AI critics have warned about the threat to the job market, and according to a recent report from the World Economic Forum, over five million jobs could be wiped out globally in the next five years due to the rise of robots. The jobs most at risk appear to be office or administrative positions—roles in which chatbots seemingly may excel.
But Yolanda Gil, computer science professor at University of Southern California and a member of the Association for Computing Machinery, isn't so concerned that these chatbots will be stealing jobs from the workforce. In fact, she thinks they will just work alongside humans as a secondary means of assistance.
"A.I. systems in general are so limited. One thing that people don't understand is that they have no common sense and very little context about the world that we live in," Gil said. "They won't replace or work in lieu of the real people."
The growing role of automation in the workplace is a source of anxiety to a middle class that has already lost jobs due to outsourcing and economic shifts. For years, blue collar jobs were seen as most imperiled, but an increasing number of white collar roles are now considered the crosshairs. Last year, billionaire investor Jeff Greene warned that "what globalization did to the blue-collar worker in manufacturing over 30 or 40 years, artificial intelligence ... I believe will do to the white-collar workforce in the next five to 10 years." He called the state of affairs "a national emergency."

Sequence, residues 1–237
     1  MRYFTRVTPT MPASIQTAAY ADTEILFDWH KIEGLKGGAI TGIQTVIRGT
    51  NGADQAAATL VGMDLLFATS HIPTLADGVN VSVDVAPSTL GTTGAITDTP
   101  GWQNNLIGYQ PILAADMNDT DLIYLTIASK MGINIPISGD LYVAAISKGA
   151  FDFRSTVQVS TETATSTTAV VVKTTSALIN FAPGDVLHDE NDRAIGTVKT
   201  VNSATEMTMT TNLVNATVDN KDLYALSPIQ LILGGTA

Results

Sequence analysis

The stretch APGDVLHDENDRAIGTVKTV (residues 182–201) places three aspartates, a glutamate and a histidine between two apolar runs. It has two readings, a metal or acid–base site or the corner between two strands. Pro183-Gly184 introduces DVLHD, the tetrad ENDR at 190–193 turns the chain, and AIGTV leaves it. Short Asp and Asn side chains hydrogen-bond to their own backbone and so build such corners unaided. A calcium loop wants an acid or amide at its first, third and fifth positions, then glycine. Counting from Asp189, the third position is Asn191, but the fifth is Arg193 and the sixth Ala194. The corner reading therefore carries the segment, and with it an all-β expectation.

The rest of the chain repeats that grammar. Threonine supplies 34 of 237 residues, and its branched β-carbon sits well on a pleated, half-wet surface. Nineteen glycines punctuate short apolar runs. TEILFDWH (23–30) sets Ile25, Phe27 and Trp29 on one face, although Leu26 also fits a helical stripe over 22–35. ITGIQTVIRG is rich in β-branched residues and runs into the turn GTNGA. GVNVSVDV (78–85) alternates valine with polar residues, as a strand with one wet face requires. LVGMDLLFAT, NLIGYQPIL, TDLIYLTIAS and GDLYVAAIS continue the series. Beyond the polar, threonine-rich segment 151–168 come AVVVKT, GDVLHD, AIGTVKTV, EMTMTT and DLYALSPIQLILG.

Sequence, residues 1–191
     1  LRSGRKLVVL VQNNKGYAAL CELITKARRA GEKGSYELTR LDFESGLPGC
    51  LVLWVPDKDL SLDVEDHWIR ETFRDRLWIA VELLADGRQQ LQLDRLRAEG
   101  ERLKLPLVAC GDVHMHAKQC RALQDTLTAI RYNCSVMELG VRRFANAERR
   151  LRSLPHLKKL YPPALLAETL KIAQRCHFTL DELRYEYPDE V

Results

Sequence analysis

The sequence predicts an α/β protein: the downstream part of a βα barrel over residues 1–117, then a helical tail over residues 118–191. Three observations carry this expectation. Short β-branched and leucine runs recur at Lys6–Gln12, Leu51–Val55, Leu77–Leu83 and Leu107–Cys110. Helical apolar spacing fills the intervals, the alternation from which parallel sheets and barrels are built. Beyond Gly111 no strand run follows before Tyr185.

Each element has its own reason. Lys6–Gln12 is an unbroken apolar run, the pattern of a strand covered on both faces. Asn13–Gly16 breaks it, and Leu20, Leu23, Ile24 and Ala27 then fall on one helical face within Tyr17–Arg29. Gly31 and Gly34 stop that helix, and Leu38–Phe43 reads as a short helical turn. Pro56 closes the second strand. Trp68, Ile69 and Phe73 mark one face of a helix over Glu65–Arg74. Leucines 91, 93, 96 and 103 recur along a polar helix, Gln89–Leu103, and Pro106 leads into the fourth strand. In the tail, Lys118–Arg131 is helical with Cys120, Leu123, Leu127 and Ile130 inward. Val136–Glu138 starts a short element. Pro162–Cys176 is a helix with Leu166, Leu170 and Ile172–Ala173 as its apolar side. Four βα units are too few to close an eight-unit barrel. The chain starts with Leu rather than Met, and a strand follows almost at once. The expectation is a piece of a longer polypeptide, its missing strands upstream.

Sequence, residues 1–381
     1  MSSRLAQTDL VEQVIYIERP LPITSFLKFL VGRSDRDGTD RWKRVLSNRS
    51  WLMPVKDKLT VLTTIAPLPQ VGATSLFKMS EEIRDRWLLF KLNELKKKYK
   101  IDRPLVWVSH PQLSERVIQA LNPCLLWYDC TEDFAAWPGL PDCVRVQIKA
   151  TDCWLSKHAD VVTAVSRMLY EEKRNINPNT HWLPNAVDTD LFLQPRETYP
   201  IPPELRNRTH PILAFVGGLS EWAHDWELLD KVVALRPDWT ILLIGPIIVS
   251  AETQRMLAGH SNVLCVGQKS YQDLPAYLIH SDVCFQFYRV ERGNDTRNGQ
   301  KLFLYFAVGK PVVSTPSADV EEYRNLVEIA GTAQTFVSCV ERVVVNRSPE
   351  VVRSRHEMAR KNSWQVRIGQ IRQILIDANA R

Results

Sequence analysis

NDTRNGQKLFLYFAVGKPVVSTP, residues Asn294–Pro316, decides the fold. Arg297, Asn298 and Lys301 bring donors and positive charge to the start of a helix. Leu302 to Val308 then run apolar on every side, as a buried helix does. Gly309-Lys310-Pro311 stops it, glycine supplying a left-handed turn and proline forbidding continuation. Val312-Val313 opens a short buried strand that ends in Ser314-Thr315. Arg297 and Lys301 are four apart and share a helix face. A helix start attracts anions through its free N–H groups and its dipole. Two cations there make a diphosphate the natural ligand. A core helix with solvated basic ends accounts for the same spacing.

Yet observers like USC's Gil disagree. "It's a way to add more capacity to the company without getting rid of the other jobs. The real human positions cannot be entirely replaced by these chatbots so they will eventually work together," she said.
Chatbots "will deal with the simple cases, but humans will still be forced to take care of the more complex cases," she added.
While the rise of artificial intelligence and robots could have an impact on the job market, Phil Libin says we should be focused on the positive aspects instead of the negatives.
"I think all new technologies have an element of being a little bit scary, and I think it's easier to see the downsides than the upsides because the upsides require a lot more imagination, but in every point in the past, new technology has had many more upsides than downsides," he said.